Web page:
you'll find their phone numbers, executive names and postal mailing addresses. 
Be polite, respectful and professional, and encourage your friends and followers 
to do the same. Let them know you want them out of the business of censoring 
legal fiction. 

Tell the credit card companies you want them to give PayPal permission to sell 
your ebooks without censorship or discrimination. Let them know that PayPal's 
policies are out of step with the major online ebook retailers who already accept 
your books as they are. Address your calls, emails (if you can find the email) 
and paper letters (yes paper!) to the executives. Post open letters to them 
on your blog, then tweet and Facebook hyperlinks to your letters. Force the 
credit card companies to join the discussion about censorship. And yes, express 
your feelings and opinions to PayPal as well. Don't scream at them. Ask them 
to work on your behalf to protect you and your readers from censorship. Tell 
them how their proposed censorship will harm you and your fellow writers.


American Express:



Ebay (owns PayPal):


Starting Sunday, if our email systems can handle it, we will send out an email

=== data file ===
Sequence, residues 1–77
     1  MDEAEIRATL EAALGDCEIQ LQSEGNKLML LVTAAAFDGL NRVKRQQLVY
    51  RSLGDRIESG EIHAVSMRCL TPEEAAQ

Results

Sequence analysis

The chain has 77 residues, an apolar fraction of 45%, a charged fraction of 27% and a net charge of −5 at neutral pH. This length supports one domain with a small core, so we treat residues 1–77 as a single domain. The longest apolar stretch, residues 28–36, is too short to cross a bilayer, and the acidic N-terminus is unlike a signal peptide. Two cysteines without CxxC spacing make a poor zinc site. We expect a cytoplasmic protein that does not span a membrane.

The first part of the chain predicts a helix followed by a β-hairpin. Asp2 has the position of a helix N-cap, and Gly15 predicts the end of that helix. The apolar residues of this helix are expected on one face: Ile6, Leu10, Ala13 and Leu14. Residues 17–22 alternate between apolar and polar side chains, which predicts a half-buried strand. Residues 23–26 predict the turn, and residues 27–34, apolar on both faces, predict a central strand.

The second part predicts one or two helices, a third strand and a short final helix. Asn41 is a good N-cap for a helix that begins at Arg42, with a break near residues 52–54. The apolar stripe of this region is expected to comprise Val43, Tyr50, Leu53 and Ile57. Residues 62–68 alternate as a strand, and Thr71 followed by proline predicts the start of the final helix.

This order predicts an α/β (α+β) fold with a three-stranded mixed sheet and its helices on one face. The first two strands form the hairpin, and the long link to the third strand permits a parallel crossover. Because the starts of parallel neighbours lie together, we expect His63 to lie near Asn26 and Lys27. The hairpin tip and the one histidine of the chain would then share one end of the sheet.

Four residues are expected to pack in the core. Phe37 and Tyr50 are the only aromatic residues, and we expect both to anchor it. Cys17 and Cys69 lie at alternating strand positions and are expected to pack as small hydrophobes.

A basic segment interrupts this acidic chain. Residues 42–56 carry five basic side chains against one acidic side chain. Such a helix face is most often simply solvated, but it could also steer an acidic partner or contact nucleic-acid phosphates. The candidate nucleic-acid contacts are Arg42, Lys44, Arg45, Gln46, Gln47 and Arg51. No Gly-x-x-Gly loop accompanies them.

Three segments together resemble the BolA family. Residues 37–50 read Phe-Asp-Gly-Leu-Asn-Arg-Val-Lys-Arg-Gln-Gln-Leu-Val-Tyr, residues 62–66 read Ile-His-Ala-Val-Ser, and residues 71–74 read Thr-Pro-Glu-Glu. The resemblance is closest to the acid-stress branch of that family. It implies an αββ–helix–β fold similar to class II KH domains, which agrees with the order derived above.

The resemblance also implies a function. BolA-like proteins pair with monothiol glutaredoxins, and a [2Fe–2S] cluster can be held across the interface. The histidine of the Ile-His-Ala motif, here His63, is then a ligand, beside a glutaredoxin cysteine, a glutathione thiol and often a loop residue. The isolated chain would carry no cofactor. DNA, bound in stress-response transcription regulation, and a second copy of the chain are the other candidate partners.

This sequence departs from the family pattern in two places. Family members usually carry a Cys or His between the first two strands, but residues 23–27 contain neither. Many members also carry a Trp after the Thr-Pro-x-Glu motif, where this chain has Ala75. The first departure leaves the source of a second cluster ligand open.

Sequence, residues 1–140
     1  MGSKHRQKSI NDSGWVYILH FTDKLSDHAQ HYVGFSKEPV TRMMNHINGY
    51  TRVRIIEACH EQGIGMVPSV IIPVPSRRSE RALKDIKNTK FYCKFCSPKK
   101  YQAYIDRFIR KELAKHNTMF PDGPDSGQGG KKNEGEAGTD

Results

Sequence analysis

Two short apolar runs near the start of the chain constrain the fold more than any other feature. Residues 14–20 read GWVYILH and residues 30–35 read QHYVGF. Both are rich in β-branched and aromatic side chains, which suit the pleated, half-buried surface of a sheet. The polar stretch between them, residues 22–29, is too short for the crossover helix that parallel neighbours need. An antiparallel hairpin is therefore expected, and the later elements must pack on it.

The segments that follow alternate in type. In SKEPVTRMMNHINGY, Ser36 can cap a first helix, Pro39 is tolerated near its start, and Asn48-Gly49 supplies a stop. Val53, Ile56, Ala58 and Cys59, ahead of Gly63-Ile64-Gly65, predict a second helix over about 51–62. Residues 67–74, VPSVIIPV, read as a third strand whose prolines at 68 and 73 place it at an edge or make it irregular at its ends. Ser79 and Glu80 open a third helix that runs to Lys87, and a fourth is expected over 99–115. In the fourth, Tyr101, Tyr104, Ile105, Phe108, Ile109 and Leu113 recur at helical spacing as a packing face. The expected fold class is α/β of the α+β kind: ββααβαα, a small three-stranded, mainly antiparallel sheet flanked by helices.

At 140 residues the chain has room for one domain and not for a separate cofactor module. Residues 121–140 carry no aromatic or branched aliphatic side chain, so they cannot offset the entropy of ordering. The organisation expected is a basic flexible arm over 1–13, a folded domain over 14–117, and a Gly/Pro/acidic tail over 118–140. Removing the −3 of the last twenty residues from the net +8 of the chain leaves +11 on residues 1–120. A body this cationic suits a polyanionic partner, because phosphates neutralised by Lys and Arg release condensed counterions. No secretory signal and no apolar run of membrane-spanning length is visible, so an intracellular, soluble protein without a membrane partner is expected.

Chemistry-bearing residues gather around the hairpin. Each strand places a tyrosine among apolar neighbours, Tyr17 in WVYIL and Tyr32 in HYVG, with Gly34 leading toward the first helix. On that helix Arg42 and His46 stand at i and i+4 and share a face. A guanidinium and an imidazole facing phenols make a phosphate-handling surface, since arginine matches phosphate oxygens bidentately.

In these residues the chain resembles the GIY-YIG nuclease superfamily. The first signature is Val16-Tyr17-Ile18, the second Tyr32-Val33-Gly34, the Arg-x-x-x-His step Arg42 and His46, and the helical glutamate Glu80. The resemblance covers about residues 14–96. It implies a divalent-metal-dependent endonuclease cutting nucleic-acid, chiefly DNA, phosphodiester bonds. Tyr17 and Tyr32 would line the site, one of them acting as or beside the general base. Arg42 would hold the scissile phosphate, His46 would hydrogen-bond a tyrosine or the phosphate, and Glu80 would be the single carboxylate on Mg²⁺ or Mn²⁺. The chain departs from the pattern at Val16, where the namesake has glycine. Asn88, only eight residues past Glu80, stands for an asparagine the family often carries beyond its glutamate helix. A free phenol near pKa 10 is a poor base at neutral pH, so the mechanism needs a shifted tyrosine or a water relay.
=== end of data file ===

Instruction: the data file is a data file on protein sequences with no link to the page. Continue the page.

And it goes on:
to several hundred thousand registered Smashwords members who are opted in to 
receive occasional Smashwords service updates. The email will combine Read an 
Ebook Week with the censorship call to action. Let's start a little fire, shall 

Thank you for your continuing support of Smashwords. With your help, we can 
move mountains.

Best wishes,


Mark Coker

2 responses to “Down the Rabbit Hole: Avoiding the Slippery Slope

  1. wow. I´m scary too – yesterday I was reading about the congress hearings about birth control and all I could think was that at some point, United States were actually a reference for freedom and liberty for the rest of the world. We use to look up to your country, and now… Even here, in Brazil, the world´s biggest catholic country, where gay marriage is far from being a reality, something like that would never happen. But again, if the credit card companies are really behind this, it will all come knocking on our doors sooner than later. This is definitely an international matter, not only because affects writers and readers from all around the world (and without online shopping, how we are suppose to buy these books??), but because it shows a scary side of globalization – internet should only increase and make it easier to burn down frontiers. it definitely should´t be a weapon for censorship – and that´s what´s happening. I will make sure to use all the links and write to everyone I manage to. Hopefully the good guys can still win sometimes. 😉

  2. Yes, I am sharing on Facebook and with all my friends verbally etc. But am I being paranoid OR are all these “censorship” stopping birth control etc etc all aimed at women? Intelligent, reasonably affluent, controlling their own lives and bodies women who would be back under the control of who? Men! Surely not! And I am a happily married middle-aged women not a leftwing burning the bra type…..